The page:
Hong Kong also maintains its traditional art forms, such as Cantonese Opera — a style distinct from that which might still be found in Shanghai. Though a sound not for everyone, it is highly stylised and a glorious feast for the eyes, commonly available in a variety of venues. In early spring each year on Lamma Island, the truly traditional form is offered in a 2-day festival: open-air by the shore, in a temporary theatre built over the week prior — out of bamboo.
Modern art is celebrated in all its forms in the Hong Kong of today, not 2 decades ago referred to as “the black hole of art in Asia” for its dearth. February each year, prior to the Covid pandemic era, saw a month-long art festival with offerings both international and local; West Kowloon has been gentrified as an art zone, while several performing arts centers on both sides of the harbour keep busy schedules. Museums are still lacking, though galleries abound — including a recently restored former police station in Central, now a multi-use art space.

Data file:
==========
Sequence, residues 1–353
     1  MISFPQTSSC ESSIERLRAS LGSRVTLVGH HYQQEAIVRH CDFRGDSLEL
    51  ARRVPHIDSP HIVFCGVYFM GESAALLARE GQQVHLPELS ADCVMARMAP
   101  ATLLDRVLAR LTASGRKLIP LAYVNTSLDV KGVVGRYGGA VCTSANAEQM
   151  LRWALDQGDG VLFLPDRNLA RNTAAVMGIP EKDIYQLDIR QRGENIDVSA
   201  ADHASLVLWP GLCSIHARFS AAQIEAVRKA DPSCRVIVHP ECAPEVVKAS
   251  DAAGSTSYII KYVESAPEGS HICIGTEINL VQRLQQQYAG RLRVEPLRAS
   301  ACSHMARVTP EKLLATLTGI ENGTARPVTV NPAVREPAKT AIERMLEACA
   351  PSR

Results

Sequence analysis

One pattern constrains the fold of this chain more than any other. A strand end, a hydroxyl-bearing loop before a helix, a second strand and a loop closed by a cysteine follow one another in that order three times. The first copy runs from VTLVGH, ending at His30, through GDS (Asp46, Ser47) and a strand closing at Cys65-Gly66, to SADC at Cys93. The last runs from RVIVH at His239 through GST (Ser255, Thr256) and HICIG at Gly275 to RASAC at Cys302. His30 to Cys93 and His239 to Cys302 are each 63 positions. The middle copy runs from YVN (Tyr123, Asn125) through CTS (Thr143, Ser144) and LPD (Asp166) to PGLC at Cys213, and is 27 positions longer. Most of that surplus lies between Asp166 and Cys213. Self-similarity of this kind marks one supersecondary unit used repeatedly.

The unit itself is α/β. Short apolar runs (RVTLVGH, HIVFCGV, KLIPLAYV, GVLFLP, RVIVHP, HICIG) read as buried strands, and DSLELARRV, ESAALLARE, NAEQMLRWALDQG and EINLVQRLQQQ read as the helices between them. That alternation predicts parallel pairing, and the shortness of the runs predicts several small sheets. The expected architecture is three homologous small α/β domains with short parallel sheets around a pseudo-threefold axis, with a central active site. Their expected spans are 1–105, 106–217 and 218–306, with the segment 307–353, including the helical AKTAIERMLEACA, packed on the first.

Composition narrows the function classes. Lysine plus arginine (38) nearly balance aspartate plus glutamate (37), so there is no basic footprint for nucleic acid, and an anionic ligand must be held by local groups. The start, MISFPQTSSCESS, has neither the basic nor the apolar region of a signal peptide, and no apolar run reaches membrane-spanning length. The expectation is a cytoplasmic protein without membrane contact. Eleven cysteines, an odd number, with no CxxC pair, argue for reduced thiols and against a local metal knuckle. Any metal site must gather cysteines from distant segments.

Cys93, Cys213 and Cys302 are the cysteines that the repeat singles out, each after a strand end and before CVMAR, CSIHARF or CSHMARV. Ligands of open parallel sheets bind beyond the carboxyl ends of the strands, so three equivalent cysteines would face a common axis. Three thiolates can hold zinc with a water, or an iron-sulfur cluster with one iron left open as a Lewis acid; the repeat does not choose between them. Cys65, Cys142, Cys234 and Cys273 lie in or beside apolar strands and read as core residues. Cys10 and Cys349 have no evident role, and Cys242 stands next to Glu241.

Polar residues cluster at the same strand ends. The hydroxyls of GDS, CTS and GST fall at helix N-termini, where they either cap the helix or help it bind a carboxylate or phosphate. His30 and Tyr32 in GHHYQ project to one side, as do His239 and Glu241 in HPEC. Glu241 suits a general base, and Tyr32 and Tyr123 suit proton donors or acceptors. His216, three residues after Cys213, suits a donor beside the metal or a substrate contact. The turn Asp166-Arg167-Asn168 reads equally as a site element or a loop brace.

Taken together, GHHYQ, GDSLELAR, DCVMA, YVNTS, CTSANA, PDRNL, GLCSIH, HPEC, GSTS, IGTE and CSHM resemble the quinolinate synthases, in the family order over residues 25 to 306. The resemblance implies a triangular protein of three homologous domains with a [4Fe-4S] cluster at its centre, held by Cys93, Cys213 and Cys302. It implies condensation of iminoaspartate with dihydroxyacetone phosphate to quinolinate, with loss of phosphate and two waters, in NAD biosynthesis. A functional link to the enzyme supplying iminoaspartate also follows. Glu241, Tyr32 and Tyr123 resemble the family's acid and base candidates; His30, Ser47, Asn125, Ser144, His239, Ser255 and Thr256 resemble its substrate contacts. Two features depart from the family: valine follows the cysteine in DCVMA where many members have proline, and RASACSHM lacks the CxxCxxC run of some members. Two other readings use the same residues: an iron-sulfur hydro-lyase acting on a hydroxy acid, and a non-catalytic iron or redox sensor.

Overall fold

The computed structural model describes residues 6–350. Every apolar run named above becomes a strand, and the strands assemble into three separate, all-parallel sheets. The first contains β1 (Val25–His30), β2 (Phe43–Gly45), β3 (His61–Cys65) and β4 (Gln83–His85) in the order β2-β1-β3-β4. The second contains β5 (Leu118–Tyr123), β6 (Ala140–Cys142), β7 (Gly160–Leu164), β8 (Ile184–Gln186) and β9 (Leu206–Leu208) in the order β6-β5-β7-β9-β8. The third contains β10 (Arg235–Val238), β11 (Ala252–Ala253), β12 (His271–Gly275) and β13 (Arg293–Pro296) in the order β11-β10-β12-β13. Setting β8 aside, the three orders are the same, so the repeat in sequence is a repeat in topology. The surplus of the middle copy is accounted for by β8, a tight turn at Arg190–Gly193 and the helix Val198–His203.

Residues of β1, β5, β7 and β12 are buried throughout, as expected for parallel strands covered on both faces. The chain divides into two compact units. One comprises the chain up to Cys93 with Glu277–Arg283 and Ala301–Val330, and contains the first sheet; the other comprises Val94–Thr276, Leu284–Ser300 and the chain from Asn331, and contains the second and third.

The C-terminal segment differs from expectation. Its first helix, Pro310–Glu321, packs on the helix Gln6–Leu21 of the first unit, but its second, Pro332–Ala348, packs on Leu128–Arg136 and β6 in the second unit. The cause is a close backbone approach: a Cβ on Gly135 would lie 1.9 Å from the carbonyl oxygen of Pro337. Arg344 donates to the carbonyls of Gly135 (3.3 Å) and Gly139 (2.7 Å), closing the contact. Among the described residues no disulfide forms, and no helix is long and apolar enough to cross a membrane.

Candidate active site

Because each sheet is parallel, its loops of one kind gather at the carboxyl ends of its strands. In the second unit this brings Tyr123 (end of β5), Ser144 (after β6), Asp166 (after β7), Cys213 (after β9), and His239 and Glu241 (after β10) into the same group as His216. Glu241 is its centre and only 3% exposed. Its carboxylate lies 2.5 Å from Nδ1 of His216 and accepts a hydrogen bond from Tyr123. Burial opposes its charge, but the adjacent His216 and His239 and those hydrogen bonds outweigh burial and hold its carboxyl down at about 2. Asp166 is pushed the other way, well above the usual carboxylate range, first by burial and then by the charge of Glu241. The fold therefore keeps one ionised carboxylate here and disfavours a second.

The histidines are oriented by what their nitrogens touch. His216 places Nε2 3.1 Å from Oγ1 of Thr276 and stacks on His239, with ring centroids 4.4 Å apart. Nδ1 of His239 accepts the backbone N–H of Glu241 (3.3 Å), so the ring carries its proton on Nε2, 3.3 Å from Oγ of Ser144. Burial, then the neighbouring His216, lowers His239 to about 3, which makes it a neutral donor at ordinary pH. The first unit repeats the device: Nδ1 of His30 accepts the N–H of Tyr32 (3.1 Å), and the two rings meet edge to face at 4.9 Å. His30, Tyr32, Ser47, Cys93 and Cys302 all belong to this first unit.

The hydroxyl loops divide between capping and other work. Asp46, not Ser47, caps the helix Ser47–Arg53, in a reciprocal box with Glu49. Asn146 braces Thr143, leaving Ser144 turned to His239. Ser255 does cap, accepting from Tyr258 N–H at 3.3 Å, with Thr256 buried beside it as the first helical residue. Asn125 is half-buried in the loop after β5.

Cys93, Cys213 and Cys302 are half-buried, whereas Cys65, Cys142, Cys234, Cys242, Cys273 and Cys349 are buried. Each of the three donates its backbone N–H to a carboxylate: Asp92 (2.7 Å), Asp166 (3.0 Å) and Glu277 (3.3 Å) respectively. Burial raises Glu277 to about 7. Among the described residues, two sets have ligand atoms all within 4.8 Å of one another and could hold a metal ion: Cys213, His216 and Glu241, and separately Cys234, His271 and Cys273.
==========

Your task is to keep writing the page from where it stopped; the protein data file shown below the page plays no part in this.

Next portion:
Art pushes boundaries of all types, often the political. Hong Kong, which distinguishes itself from China politically as well as culturally — even as it is now, if largely independent, a territory of the mainland once more, with ‘immigrant’ mainlander Chinese at nearly 15% of its population — frequently uses art as a form of rebellion. Seen here, in a typical style of bulbous characters, is a gentle mocking of both Chinese traditions — and the ‘Red Army’.
Hong Kong protests political interference from its mainland overlord in more rigorous ways, as first seen in the 2014 Umbrella Revolution. Using umbrellas to shield against police tear gas, protesters blocked public areas for several weeks in a battle for democratic process as promised in the 50-year agreement when HK was ceded to China from UK — as the PRC demanded approval of all political candidates. Currently, another battle rages between HK citizens and Beijing, this time over a highly contested extradition proposal — with turnout at one demonstration in particular reaching nearly 40% of the HK population.